TL;DR, T-16 is nonsense in both US and British Bingo, but the letter is purely an aesthetic/arbitrary item, so it shouldn't matter for a Bingo game
To answer the most immediate question, I don't know of anything in the Moon Knight mythology that ties into T-16, and I am in agreement with ShadowRanger that the most likely call-out would be to the Star Wars landspeeder. That said, I can address a bit of the aspect of Bingo rules and how they might apply.
As was noted in the comment, there was a promo image of the Bingo card, which looks like it matches what shows up in the episode.
As a trained Bingo caller, there's a lot wrong with this card. United States Bingo numbers range from 1-75 with each letter assigned to a set of 15. B goes from 1-15, I from 16-30, and so on. The letter assignment is purely aesthetic, to simplify people checking multiple cards (playing four cards is the minimum where I call, and some players were operating north of 64 cards at a time. Columns mean they only have to check a fifth of their numbers, fewer for the N column that has the free space). I will note that, as a caller, stating the wrong letter does not change anything since it is the number that is being checked, but it will get you heckled.
As you may note here, the numbers exceed 75, and are in the wrong columns. This might be partially explained if what we're seeing is a mix of Marc and Steven's minds because UK Bingo (also called Housie) uses numbers from 1-90, albeit on a 3x9 card (with each column having 10 numbers possible) rather than a 5x5 card.
I haven't found any reference to UK Bingo callers using letters, but it's won by getting all 5 numbers in a row (no diagonals, verticals, four corners, big diamonds, or other patterns), which does match how Marc wins, having the last number called, and Bingo not announced until after the caller states the number (most Bingo halls will show a preview of the number before it is called to give people a chance to quickly check their cards to decrease the risk of someone missing Bingo being called since it usually must be on the last number called, particularly in money games). The promo image doesn't show the "2" daubed, but that generally is not required either, only having that winning card. The displayed card still could be a valid Housie result, since it looks like both 83 and 86 (which would both be in the eighth column, and therefore couldn't be on the same winning row) are daubed for the win, assuming that we're reading the card for a US Bingo win (although arguably, any set of 5 daubed numbers on the card could correspond to a valid Housie win if they're from a different range of 10).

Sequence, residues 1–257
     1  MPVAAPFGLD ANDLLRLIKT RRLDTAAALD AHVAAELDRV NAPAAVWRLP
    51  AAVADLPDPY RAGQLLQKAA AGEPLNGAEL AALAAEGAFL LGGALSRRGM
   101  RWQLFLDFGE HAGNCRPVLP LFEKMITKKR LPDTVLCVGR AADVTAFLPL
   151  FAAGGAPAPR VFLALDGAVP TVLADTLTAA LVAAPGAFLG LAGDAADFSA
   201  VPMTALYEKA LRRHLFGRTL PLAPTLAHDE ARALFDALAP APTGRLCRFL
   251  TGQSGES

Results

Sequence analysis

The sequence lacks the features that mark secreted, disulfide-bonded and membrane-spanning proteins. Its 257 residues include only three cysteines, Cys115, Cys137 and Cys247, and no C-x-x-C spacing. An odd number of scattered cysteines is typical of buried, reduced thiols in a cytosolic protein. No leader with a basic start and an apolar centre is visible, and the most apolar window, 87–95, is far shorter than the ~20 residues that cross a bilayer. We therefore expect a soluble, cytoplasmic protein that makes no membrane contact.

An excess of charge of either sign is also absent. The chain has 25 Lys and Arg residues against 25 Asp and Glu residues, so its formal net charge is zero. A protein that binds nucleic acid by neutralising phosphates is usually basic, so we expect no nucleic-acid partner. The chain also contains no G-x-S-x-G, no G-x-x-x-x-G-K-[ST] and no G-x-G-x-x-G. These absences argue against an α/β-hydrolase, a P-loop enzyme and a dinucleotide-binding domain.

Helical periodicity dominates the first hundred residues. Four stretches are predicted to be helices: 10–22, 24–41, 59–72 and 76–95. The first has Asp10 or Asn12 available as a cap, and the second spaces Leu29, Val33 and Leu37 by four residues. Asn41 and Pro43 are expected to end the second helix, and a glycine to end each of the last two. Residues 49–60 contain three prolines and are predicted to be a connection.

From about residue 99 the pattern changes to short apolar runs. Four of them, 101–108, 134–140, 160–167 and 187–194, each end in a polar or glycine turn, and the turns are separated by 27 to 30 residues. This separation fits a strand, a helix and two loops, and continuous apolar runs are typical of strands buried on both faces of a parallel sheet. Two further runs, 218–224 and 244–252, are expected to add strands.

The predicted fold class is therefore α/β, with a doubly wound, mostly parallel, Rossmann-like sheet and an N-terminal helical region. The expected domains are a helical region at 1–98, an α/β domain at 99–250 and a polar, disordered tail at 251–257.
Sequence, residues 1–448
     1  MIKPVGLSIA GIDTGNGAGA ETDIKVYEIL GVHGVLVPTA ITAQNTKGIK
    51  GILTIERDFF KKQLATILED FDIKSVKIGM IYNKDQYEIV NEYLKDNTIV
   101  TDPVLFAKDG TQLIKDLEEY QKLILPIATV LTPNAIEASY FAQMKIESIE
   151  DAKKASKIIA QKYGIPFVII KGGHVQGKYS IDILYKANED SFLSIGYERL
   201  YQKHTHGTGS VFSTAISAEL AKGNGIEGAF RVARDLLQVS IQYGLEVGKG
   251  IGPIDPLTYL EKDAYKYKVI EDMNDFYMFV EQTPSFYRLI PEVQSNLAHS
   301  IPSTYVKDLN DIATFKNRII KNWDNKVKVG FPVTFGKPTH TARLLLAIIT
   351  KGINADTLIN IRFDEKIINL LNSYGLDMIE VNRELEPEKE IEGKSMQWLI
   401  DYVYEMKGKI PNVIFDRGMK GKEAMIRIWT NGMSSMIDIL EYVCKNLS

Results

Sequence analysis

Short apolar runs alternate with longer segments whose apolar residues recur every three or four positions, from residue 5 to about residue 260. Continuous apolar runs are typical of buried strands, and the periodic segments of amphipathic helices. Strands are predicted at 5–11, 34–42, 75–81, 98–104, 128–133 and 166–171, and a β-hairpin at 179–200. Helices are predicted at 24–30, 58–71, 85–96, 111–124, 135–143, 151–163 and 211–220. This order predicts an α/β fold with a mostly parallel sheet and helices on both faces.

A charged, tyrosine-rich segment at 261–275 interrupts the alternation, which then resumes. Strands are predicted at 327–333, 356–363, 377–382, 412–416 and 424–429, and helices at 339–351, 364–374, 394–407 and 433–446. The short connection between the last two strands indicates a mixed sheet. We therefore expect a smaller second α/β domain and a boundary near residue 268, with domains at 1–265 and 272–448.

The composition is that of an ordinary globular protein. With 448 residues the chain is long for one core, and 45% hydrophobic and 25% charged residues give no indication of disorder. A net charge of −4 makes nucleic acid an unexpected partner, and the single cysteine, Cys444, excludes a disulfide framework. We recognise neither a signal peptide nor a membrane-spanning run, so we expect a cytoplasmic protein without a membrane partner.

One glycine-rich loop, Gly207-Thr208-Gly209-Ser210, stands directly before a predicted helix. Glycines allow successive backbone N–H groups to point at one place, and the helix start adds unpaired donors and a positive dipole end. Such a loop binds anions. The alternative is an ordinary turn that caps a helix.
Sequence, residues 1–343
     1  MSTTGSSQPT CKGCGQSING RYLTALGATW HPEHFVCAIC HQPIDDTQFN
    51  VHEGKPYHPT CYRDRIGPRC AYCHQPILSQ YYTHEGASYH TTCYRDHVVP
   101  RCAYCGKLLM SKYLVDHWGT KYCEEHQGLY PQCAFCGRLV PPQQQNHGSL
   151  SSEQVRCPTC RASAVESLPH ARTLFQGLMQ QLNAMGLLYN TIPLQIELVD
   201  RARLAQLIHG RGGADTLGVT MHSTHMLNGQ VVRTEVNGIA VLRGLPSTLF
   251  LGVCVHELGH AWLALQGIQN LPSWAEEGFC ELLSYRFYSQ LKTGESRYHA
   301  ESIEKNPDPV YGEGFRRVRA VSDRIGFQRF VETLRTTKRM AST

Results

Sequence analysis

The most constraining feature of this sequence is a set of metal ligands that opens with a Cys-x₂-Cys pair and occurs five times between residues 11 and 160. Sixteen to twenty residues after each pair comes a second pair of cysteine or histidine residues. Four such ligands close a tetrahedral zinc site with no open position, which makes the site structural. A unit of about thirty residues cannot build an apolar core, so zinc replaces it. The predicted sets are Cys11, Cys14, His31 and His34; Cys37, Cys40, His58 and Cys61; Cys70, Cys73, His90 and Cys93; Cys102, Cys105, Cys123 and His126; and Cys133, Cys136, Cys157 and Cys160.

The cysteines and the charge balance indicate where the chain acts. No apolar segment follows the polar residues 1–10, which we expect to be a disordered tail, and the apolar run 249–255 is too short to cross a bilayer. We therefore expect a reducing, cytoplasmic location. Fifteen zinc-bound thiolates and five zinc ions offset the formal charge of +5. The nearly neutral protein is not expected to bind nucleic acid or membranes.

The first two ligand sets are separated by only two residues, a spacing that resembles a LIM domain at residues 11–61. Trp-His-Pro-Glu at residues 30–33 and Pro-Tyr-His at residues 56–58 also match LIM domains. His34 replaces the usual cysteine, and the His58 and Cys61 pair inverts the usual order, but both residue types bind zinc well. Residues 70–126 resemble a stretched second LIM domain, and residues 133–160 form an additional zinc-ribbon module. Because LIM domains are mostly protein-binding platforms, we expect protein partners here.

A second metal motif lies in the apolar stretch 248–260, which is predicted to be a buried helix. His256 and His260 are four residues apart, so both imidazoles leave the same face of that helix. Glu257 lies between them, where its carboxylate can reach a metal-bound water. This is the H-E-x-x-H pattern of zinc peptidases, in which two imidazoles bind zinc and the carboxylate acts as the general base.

Inconsistencies could just be in his head, or the caller's
The incorrect Bingo card, and the use of incorrect letter and number combinations could simply be because Marc is only familiar with Bingo on a surface level. Much like how, if you asked someone who doesn't play chess to make up a board position, they're likely to create positions that couldn't actually exist due to how the pieces move and interact, it's possible that he just knows that Bingo involves letters and numbers, and he doesn't know how they correlate, or what range the numbers can use. Similarly, the caller, who might be a fellow inmate at the asylum, might be confused and assigning random letters or misreading the ball (An uppercase T looks a lot like the uppercase I that would be on the 16 ball, particularly if you're holding it such that your finger covers part of the ball), or they might just be pulling the letters and numbers out of thin air.